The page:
Bateman v. American Multi-Cinema, Inc.: Ninth Circuit Deals Blow to “Annihilating” Penalties Class Actions Defense

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Class action defendants frequently argue, under the class certification superiority rubric, that potentially annihilating penalties means class treatment is not superior to individual litigation, and thereby precludes certification. However, under Bateman v. American Multi-Cinema, Inc., 623 F.3d 708 (9th Cir. 2010) (available here), the Ninth Circuit has held that Rule 23 does not permit the trial court to consider whether the defendant’s potential liability would be disproportionate to the class members’ actual damages. The three-judge panel reversed the denial of class certification by former Central District Judge, the late Florence-Marie Cooper, under the Fair Credit Reporting Act (FCRA), 15 U.S.C. §§ 1681 et seq. Judge Cooper’s certification denial had focused on the purported lack of superiority because “the magnitude of Defendant’s statutory liability is enormous and completely out of proportion to any harm suffered by Plaintiff or potential class members.” Bateman v. American Multi-Cinema, Inc., 252 F.R.D. 647, 651 (C.D. Cal. 2008) (available here).

In reversing the denial of certification, though, Bateman declined to follow a number of earlier cases involving the Truth-in-Lending Act (TILA), 15 U.S.C. §§1601 et seq., in which courts considered annihilating penalties as bearing on the superiority criterion, and on that basis denied class certification. For instance, in the much-cited case of Ratner v. Chemical Bank New York Trust Co., 54 F.R.D. 412 (S.D.N.Y.1972), District Judge Frankel denied class certification in a TILA claim because the potential $13 million award “would be a horrendous, possibly annihilating punishment, unrelated to any damage to the purported class or to any benefit to defendant, for what is at most a technical and debatable violation of the Truth in Lending Act.” Id. at 422.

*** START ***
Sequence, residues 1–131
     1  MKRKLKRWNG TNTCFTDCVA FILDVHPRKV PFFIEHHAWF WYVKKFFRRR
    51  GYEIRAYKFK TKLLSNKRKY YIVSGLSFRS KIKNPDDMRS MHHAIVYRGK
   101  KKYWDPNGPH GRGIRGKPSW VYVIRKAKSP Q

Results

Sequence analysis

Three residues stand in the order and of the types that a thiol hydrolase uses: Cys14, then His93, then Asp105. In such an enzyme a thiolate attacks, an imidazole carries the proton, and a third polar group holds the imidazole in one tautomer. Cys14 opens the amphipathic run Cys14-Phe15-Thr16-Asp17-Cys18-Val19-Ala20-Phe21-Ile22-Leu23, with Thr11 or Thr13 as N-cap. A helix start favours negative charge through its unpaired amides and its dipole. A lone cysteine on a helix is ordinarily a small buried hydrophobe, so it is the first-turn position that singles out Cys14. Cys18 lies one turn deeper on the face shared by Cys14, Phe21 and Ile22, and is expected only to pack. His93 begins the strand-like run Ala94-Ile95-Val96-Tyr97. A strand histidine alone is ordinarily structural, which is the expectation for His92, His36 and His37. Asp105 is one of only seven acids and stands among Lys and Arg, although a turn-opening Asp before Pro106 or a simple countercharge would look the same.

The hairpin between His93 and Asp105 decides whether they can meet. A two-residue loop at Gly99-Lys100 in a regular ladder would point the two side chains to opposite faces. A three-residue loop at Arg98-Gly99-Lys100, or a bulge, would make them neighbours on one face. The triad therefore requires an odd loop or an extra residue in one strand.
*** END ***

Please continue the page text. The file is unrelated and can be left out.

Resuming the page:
Under Bateman, the law of the Ninth Circuit is that “the Rule 23(b)(3) superiority analysis must be consistent with the congressional intent in enacting a particular statutory damages provision.” Bateman, 623 F.3d at 716. After acknowledging the different holding in Ratner, the Bateman panel explained “[t]here is no language in the statute, nor any indication in the legislative history, that Congress provided for judicial discretion to depart from the $ 100 to $ 1000 range where a district judge finds that damages are disproportionate to harm. Further, we cannot surmise a principled basis for determining when damages are and are not ‘proportionate’ to actual harm. Indeed, one might plausibly argue that a $ 1000 award, or even a $ 100 award, for a single violation of FACTA, without any allegation of harm, is not proportionate. But the plain text of the statute makes absolutely clear that, in Congress’s judgment, the $ 100 to $ 1000 range is proportionate and appropriately compensates the consumer.” Id. at 719.

Other circuit courts, as well as district courts in other circuits, have similarly held that the Ratner annihilating penalties analysis to be improper. See, e.g., Murray v. GMAC Mortgage Corp., 434 F.3d 948 (7th Cir. 2006) (holding that problem of annihilating penalties should not be addressed at the class-certification stage).